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Increasing Health Insurance Costs and the Decline in Health Insurance Coverage

Author

Listed:
  • Chernew, Michael
  • Cutler, David
  • Keenan, Patricia S.

Abstract

Objective. To determine the impact of rising health insurance premiums on coverage rates. Data Sources & Study Setting. Our analysis is based on two cohorts of nonelderly Americans residing in 64 large metropolitan statistical areas (MSAs) surveyed in the Current Population Survey in 1989–1991 and 1998–2000. Measures of premiums are based on data from the Health Insurance Association of America and the Kaiser Family Foundation/Health Research and Educational Trust Survey of Employer-Sponsored Health Benefits. Study Design. Probit regression and instrumental variable techniques are used to estimate the association between rising local health insurance costs and the falling propensity for individuals to have any health insurance coverage, controlling for a rich array of economic, demographic, and policy covariates. Principal Findings. More than half of the decline in coverage rates experienced over the 1990s is attributable to the increase in health insurance premiums (2.0 percentage points of the 3.1 percentage point decline). Medicaid expansions led to a 1 percentage point increase in coverage. Changes in economic and demographic factors had little net effect. The number of people uninsured could increase by 1.9–6.3 million in the decade ending 2010 if real, per capita medical costs increase at a rate of 1–3 percentage points, holding all else constant. Conclusions. Initiatives aimed at reducing the number of uninsured must confront the growing pressure on coverage rates generated by rising costs.

Suggested Citation

  • Chernew, Michael & Cutler, David & Keenan, Patricia S., 2005. "Increasing Health Insurance Costs and the Decline in Health Insurance Coverage," Scholarly Articles 2660660, Harvard University Department of Economics.
  • Handle: RePEc:hrv:faseco:2660660
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    References listed on IDEAS

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    1. Sherry Glied & Kathrine Jack, 2003. "Macroeconomic Conditions, Health Care Costs, and the Distribution of Health Insurance," NBER Working Papers 10029, National Bureau of Economic Research, Inc.
    2. Farber, Henry S. & Levy, Helen, 2000. "Recent trends in employer-sponsored health insurance coverage: are bad jobs getting worse?," Journal of Health Economics, Elsevier, vol. 19(1), pages 93-119, January.
    3. Janet Currie & Aaron S. Yelowitz, 1999. "Health Insurance and Less Skilled Workers," JCPR Working Papers 63, Northwestern University/University of Chicago Joint Center for Poverty Research.
    4. Nyman, John A., 1999. "The value of health insurance: the access motive," Journal of Health Economics, Elsevier, vol. 18(2), pages 141-152, April.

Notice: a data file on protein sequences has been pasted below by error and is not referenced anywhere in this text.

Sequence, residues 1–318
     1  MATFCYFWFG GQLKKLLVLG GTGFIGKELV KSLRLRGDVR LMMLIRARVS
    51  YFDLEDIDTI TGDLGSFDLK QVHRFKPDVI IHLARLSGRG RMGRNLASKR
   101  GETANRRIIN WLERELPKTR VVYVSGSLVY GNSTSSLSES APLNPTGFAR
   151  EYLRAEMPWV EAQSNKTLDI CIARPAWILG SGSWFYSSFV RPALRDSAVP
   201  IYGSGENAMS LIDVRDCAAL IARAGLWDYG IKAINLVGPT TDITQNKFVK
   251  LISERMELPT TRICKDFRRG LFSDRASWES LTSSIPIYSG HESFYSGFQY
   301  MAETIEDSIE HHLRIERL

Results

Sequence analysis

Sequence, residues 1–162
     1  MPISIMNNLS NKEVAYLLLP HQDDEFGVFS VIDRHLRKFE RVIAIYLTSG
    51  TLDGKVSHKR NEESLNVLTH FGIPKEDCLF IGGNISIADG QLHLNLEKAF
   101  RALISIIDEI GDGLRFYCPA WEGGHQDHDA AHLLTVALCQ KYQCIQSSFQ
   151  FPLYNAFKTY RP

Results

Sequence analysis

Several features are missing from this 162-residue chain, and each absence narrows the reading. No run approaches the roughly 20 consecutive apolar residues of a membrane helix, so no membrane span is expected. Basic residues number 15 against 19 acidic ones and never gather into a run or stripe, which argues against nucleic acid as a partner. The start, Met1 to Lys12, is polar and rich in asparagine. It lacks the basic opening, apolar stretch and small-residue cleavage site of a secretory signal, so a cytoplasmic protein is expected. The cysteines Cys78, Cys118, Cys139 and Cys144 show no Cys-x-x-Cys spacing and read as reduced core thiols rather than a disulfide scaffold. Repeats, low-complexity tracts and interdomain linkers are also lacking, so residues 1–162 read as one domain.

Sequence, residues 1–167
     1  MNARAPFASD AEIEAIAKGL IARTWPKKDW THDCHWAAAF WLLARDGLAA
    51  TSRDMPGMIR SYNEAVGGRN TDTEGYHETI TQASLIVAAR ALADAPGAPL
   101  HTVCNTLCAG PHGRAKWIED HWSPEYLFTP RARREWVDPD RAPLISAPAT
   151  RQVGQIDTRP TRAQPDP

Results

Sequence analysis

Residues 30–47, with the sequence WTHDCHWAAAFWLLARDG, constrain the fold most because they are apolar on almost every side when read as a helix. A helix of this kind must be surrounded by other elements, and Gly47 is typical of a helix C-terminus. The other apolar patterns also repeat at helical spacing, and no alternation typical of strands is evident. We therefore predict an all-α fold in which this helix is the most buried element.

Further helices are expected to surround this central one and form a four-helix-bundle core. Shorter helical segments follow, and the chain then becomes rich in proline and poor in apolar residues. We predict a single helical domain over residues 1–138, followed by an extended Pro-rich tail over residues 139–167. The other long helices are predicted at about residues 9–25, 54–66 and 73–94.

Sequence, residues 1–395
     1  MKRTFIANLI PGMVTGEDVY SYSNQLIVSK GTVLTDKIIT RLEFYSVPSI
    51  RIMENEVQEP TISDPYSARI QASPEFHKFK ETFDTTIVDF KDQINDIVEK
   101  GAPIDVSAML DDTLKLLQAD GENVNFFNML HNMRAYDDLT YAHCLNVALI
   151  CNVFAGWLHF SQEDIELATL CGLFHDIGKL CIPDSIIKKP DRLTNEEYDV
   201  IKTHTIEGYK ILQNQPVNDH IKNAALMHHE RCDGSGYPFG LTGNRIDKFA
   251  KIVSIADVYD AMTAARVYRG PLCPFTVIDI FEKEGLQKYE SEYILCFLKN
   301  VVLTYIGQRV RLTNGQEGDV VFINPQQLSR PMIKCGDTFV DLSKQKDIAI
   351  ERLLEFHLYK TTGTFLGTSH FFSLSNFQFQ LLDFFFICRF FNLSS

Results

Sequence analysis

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    Citations

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    Cited by:

    1. David M. Cutler, 2011. "Where are the Health Care Entrepreneurs? The Failure of Organizational Innovation in Health Care," NBER Chapters,in: Innovation Policy and the Economy, Volume 11, pages 1-28 National Bureau of Economic Research, Inc.
    2. Duggan, Mark & Starc, Amanda & Vabson, Boris, 2016. "Who benefits when the government pays more? Pass-through in the Medicare Advantage program," Journal of Public Economics, Elsevier, vol. 141(C), pages 50-67.
    3. van der Star, Sanne M. & van den Berg, Bernard, 2011. "Individual responsibility and health-risk behaviour: A contingent valuation study from the ex ante societal perspective," Health Policy, Elsevier, vol. 101(3), pages 300-311, August.
    4. Jeffrey Clemens, 2015. "Regulatory Redistribution in the Market for Health Insurance," American Economic Journal: Applied Economics, American Economic Association, vol. 7(2), pages 109-134, April.
    5. Cutler, David M., 2010. "Where Are the Health Care Entrepreneurs? The Failure of Organizational Innovation in Health Care," Scholarly Articles 5345877, Harvard University Department of Economics.
    6. Fairlie, Robert W. & Kapur, Kanika & Gates, Susan, 2011. "Is employer-based health insurance a barrier to entrepreneurship?," Journal of Health Economics, Elsevier, vol. 30(1), pages 146-162, January.
    7. repec:spr:ijphth:v:62:y:2017:i:1:d:10.1007_s00038-016-0911-z is not listed on IDEAS
    8. Robert Town & Douglas Wholey & Roger Feldman & Lawton R. Burns, 2006. "The Welfare Consequences of Hospital Mergers," NBER Working Papers 12244, National Bureau of Economic Research, Inc.
    9. Michael Chernew & David Cutler & Patricia Seliger Keenan, 2005. "Charity Care, Risk Pooling, and the Decline in Private Health Insurance," American Economic Review, American Economic Association, vol. 95(2), pages 209-213, May.
    10. G. Edward Miller & Thomas M. Selden & Jessica S. Banthin, 2014. "Employer-Sim Microsimulation Model: Model Development and Application to Estimation of Tax Subsidies to Health Insurance," Working Papers 14-46, Center for Economic Studies, U.S. Census Bureau.

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